THOSE EXPECTING a calm after Sunday's storm were in for a shock. A day after his candidate Prasun Mukherjee lost in the Cricket Association of Bengal (CAB) elections, Chief Minister Buddadeb Bhattacharjee lashed out at Jagmohan Dalmiya.
Calling Dalmiya's victory an example of "evil prevailing over good", Bhattacharjee said: "Young cricketers of the state don't want Dalmiya. Eden Gardens is not getting matches because of him. He has many vested interests -- all other than cricket. I want him to go. My fight against him continues."
Senior CPM leaders, however, wasted no time in dissociating the party from the CM's comments. "The party shouldn't get involved in a sports-body election. I'll talk to the CM on Tuesday," said Biman Bose, CPI(M) state secretary.
Even party patriarch Jyoti Basu was not amused. "Dalmiya has won in a democratic election. Can he be described as an evil force? I hear the CM has said something. This has made the matter serious and we'll have to discuss it in our secretariat meeting. We must know what his charges against Dalmiya are."
What got lost in the din was the story of how Dalmiya won in the face of seemingly impossible odds: apart from Mukherjee, his opposition included the CM and Sourav Ganguly.
He could not have done so had there been no rift within the Left Front on the election issue, which meant the pressure from the state machinery was less intense than it could have been.
The man who helped Dalmiya the most was state sports and youth affairs minister Subhas Chakrabarty, who is known to have differences with the CM.
“He helped us negate the advantage our rivals got following Bhattacharjee’s announcement that he was behind Mukherjee.
“Due to Chakrabarty’s efforts, our rivals couldn’t sweep the votes from the districts,” said a source in the Dalmiya camp.
Dalmiya also got a helping hand from the neutral stand of many football clubs (some of which vote at the CAB).
None of them wanted to risk inviting interference from cricket administrators in the football association.
Some said the CM's support for Mukherjee sent wrong signals — voters were not ready to tolerate political intervention in sports organisations.
Then there was Dalmiya's experience of dealing with mostly the same set of voters.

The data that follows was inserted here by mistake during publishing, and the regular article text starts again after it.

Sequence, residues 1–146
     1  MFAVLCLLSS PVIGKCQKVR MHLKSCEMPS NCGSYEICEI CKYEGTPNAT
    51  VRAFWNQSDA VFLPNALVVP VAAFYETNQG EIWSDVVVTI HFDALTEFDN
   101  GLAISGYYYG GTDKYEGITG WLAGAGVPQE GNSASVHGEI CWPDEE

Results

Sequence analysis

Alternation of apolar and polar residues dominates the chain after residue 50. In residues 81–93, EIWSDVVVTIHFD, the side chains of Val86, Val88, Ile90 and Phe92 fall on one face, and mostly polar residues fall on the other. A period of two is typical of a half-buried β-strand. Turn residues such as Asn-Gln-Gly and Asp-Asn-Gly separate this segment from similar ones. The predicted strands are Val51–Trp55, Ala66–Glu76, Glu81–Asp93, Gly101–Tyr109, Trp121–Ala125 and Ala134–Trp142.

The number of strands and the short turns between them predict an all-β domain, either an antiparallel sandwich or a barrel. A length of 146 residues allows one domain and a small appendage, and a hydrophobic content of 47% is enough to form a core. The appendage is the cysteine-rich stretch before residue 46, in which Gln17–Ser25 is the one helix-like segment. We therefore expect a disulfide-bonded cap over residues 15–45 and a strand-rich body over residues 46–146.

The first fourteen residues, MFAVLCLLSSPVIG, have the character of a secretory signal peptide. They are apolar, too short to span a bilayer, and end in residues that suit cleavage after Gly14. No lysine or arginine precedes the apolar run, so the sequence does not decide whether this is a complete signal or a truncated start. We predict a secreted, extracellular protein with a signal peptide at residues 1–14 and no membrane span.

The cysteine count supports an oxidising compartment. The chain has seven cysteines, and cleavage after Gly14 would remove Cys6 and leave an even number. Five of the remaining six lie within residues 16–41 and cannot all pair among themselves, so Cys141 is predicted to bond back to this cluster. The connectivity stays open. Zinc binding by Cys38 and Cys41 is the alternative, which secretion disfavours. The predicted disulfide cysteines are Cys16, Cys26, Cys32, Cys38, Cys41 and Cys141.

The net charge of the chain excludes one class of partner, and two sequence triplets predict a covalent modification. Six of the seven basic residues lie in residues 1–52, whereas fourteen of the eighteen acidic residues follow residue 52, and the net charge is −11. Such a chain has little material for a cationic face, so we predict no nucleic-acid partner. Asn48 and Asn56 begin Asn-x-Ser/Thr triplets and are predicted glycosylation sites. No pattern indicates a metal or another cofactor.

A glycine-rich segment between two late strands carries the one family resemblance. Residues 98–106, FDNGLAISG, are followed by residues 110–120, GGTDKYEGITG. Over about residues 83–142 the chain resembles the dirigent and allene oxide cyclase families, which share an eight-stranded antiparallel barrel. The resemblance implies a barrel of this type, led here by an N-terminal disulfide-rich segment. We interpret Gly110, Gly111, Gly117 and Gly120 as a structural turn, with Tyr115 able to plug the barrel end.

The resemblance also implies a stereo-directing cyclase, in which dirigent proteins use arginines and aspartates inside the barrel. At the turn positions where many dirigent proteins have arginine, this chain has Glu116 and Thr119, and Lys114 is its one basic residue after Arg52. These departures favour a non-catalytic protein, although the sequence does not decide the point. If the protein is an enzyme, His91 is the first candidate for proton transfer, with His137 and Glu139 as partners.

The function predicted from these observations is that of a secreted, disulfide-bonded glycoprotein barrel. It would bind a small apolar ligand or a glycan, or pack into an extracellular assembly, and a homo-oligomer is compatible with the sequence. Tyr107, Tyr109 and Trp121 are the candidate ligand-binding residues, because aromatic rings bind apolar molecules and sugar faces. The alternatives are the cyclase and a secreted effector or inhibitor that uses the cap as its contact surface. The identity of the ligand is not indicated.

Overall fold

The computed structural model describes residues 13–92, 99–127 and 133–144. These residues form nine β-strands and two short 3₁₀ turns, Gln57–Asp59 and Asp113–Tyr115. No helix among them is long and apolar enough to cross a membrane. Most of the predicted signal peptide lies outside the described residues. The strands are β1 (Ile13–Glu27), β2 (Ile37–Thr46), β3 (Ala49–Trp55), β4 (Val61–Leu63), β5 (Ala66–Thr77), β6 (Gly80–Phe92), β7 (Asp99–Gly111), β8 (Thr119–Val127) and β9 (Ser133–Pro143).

“Our rivals thought temporary flamboyance was the name of the game,” said a member.
“They didn’t realise how important 30 years of experience can be. He knows which strings to pull and what the weaknesses of voters are.”
Dalmiya showed good form on Monday too — refraining from getting into a verbal duel with Bhattacharjee.
He initially thought of addressing the media but later said his reaction would come only after consulting association members.
Earlier, just after his win, he had said: “I badly needed this platform to give myself a chance to clear my image. I didn’t want to contest against the chief ministers wishes, but the overwhelming support from my members and the need for this platform forced me to."
He also spoke about Ganguly, whose family was actively involved in the ‘Dump Dalmiya’ campaign.
“As CAB president, it's my duty to look after every player. This is not just about Ganguly. As president and secretary of BCCI I stood by Virender Sehwag during the ball tampering controversy.
“I also supported Sachin Tendulkar, Harbhajan Singh when the going got tough for them.
“I have always looked after players. It is a religion for me.”
So, apparently, is winning.
Meanehile, under fresh attack from the West Bengal Chief Minister Buddhadeb Bhattacharjee a day after being re-elected Cricket Association of Bengal president, Jagmohan Dalmiya today chose to remain silent.
"I have no comments to offer, nothing to say," Dalmiya told PTI.
Terming Dalmiya's win over Police Commissioner Prasun Mukherjee as a 'victory of evil over good', Bhattacharjee today vowed to continue the fight to remove the cricket administrator from the CAB in the interest of the game.
"So far I'm concerned I'll not compromise with this man. The battle will continue. I want him to leave this post. I want him to leave the organisation," Bhattacharjee said.